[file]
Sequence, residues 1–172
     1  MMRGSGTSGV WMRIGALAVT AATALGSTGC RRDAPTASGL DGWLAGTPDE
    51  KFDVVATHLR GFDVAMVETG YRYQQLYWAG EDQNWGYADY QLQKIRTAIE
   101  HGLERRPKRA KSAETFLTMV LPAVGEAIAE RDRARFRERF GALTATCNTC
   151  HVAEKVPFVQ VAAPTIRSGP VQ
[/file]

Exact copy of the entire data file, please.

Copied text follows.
Sequence, residues 1–172
     1  MMRGSGTSGV WMRIGALAVT AATALGSTGC RRDAPTASGL DGWLAGTPDE
    51  KFDVVATHLR GFDVAMVETG YRYQQLYWAG EDQNWGYADY QLQKIRTAIE
   101  HGLERRPKRA KSAETFLTMV LPAVGEAIAE RDRARFRERF GALTATCNTC
   151  HVAEKVPFVQ VAAPTIRSGP VQ